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Recording Your Heritage Online

Event ID 563643

Category Descriptive Accounts

Type Recording Your Heritage Online


Kilmoluag graveyard A walled enclosure with three roofless structures and a number of grave slabs, one with fragments of medieval sculpture. Former parish church, early 13 th century, the rubbly ruin of a medieval church on a religious site founded c.560-90 and dedicated to St. Moluag. It has a good round-arched splayed window in the east gable and a late medieval arched tomb recess on the inside south wall. By 1773, when Raasay was part of Skye's Snizort parish, it was 'unroofed and ruinous' and used for burials. Memorial chapel, 1839, in memory of a Macleod daughter, possibly replacing the 'family burying-place' visited by Johnson and Boswell in 1773. This ashlar-faced Gothick chapel stands on a sloping site, underbuilt by five courses of rock-faced masonry, in the fashion of Edinburgh's New Town. Just visible is a tiny, lichen-blurred female mask reset on the inside apex of the east gable. Boswell saw it on the earlier building - a 'small bust or image of the Virgin Mary, carved upon a stone which makes part of the wall'. Burial lair to west, possibly 11 th century, with bevelled door lintel.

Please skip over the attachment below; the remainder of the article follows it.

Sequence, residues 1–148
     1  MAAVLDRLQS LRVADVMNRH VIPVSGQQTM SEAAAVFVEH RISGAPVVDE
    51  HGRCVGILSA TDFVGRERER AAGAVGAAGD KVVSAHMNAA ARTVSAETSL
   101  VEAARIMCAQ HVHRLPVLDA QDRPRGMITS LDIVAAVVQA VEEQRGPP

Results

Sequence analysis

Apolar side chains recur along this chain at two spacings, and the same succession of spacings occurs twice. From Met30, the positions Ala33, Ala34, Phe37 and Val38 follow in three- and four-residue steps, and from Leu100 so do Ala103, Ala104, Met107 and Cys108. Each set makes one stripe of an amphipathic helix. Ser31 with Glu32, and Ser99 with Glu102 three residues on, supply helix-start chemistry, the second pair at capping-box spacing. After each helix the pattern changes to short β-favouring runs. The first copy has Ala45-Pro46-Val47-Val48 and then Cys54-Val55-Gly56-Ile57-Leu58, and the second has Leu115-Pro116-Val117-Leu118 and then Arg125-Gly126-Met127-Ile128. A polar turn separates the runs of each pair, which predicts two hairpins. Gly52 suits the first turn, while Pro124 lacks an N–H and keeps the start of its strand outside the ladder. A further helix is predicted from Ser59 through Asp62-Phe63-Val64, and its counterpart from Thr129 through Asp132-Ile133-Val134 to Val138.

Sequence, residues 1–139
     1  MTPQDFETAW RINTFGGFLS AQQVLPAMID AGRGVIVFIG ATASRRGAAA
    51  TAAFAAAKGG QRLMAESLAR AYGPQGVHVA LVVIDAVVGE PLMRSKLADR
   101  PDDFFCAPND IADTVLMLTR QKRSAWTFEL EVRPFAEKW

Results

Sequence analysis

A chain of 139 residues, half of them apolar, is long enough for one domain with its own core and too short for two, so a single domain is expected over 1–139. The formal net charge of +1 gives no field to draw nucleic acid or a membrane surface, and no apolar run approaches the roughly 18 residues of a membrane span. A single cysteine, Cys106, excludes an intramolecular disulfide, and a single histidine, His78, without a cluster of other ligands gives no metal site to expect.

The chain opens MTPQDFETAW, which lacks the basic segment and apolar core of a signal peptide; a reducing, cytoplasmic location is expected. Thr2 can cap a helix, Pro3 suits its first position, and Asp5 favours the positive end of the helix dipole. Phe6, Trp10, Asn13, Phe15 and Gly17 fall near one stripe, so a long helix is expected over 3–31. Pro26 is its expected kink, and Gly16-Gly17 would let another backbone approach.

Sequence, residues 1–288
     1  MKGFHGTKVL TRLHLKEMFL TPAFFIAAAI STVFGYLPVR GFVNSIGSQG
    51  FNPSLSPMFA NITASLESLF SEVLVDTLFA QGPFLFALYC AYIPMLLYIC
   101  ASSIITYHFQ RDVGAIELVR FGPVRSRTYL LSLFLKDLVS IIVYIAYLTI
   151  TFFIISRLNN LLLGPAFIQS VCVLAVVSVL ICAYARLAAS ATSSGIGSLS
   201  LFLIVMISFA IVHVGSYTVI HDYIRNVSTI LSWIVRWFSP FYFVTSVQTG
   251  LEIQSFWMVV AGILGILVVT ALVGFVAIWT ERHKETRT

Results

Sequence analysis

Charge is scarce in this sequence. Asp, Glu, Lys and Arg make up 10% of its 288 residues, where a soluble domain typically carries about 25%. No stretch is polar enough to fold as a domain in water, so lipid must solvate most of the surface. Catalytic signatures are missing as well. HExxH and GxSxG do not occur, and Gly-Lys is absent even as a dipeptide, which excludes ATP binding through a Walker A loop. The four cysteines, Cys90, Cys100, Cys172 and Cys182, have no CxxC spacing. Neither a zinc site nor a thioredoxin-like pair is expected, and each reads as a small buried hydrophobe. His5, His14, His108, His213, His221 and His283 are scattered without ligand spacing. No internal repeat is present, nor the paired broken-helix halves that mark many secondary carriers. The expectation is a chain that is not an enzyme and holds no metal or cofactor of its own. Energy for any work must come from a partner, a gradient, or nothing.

[The boundaries of Kilmoluag's burial sanctuary were once marked out by carved stone crosses, one of which has now been relocated to the roadside, just west of the mansion.]

Taken from "Western Seaboard: An Illustrated Architectural Guide", by Mary Miers, 2007. Published by the Rutland Press

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